E-Alert Case Updates
Federal Law Preempts Plaintiff’s Claim Against Generic Drug Manufacturer
Grinage v. Mylan Pharmaceuticals, Inc
Plaintiff sued Mylan Pharmaceuticals, Inc. and its parent company Mylan, Inc. (collectively, “Mylan”) after her husband developed a fatal skin disease from taking Allopurinol, a Mylan manufactured-product. Allopurinol is a generic form of Zyloprim, a brand name drug approved by the FDA. Federal labeling laws require generic drugs to contain the same warnings as brand name drugs. Therefore, the warning label for Allopurinol was substantially identical to the warning label of Zyloprim. Both labels warned that skin reactions, sometimes fatal, could occur. The labels cited one study that found that 3% of patients had skin reactions, but they further noted that “with current usage, skin reactions have been observed less frequently than 1%.” Plaintiff alleged that Mylan knew or should have known that the risk of the skin diseases were greater than the 1% referenced on the label based on more recent studies. Therefore, Mylan was negligent in failing to report published articles and scientific evidence regarding same. The Complaint sounded in negligence, strict liability, fraud, and breach of implied warranty.
Mylan filed a Rule 12(b)(6) Motion to Dismiss for failure to state a claim, based on Pliva, Inc. v. Mensing, 564 U.S. ----, 131 S. Ct. 2567 (2011), which held plaintiffs’ state tort law claims were barred under the preemption doctrine. Specifically, it was impossible for the generic drug manufacturers to satisfy state products liability laws without violating FDA regulations that required generic drugs to have the same labels as their brand-name counterparts. Consequently, even if a generic manufacturer had new information about side effects, it could not change its label unless the brand-name manufacturer did so first, or unless the FDA instructed all manufacturers to do so. As a result, federal law preempted state tort law actions that would impose liability on generic manufacturers who failed to take independent action to change their labels.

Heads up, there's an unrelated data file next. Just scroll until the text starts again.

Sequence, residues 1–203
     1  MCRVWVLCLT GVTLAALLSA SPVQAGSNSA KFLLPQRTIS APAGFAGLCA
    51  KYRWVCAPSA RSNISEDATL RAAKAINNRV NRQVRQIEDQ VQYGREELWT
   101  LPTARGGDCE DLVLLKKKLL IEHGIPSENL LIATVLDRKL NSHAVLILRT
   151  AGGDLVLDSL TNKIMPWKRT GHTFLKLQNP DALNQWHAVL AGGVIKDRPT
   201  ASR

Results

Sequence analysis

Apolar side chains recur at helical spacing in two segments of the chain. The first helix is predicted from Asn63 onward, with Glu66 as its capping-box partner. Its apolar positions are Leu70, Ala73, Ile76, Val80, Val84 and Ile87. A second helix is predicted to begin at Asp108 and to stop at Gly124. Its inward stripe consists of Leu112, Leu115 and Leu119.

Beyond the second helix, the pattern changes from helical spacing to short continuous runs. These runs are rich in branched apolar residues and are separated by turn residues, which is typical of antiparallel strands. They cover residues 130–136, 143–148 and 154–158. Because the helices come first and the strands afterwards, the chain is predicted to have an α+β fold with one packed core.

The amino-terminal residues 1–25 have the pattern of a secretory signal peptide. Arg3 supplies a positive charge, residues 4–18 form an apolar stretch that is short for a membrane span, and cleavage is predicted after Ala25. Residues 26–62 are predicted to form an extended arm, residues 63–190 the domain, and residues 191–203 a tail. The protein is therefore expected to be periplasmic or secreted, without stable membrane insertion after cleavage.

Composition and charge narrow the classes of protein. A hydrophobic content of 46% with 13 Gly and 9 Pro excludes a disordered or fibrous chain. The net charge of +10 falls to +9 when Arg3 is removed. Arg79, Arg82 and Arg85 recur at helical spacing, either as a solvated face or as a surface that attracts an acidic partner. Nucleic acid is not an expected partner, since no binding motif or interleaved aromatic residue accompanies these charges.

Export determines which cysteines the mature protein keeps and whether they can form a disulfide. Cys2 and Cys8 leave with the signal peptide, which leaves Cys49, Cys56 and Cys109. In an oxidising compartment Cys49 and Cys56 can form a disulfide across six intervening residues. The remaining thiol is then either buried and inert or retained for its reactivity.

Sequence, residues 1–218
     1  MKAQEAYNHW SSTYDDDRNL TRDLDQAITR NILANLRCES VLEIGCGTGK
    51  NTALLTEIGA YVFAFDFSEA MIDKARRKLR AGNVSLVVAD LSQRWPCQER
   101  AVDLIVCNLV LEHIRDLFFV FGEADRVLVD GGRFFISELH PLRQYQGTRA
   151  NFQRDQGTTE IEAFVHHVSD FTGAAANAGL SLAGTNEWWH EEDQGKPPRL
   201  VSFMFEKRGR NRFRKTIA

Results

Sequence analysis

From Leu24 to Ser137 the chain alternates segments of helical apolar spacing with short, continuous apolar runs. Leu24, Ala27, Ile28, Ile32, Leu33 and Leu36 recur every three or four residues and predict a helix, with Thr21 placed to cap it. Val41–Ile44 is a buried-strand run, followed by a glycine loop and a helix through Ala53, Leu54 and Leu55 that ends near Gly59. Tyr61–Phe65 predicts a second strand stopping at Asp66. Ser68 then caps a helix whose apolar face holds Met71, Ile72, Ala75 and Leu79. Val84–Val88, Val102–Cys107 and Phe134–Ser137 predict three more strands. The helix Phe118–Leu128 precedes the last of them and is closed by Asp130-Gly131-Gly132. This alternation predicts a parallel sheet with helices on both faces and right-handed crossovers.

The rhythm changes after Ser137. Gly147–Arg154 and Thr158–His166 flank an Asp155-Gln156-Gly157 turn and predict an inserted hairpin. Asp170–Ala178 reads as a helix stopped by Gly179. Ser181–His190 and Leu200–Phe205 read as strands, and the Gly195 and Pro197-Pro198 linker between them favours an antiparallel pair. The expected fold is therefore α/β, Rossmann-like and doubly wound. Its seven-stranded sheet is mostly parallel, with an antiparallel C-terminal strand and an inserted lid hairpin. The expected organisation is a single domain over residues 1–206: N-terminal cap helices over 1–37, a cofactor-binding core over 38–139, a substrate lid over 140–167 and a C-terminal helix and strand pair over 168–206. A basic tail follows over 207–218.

The Court held that Plaintiff’s negligent warning, defective design, and breach of warranty claims failed under both Mensing (as to preemption), and Ashcroft v. Iqbal, -- U.S. --, 129 S. Ct. 1937, 1950 (2009) and Bell Atlantic Corp. v. Twombly, 550 U.S. 544, 555 (2007) (as to the failure to allege more than speculative claims). Moreover, Plaintiff’s fraud claim failed because Plaintiff failed to plead with particularity, as required under the heightened pleading standards required for such an allegation. Therefore, Hon. Catherine Blake granted the Motion to Dismiss and ordered that the case be closed.
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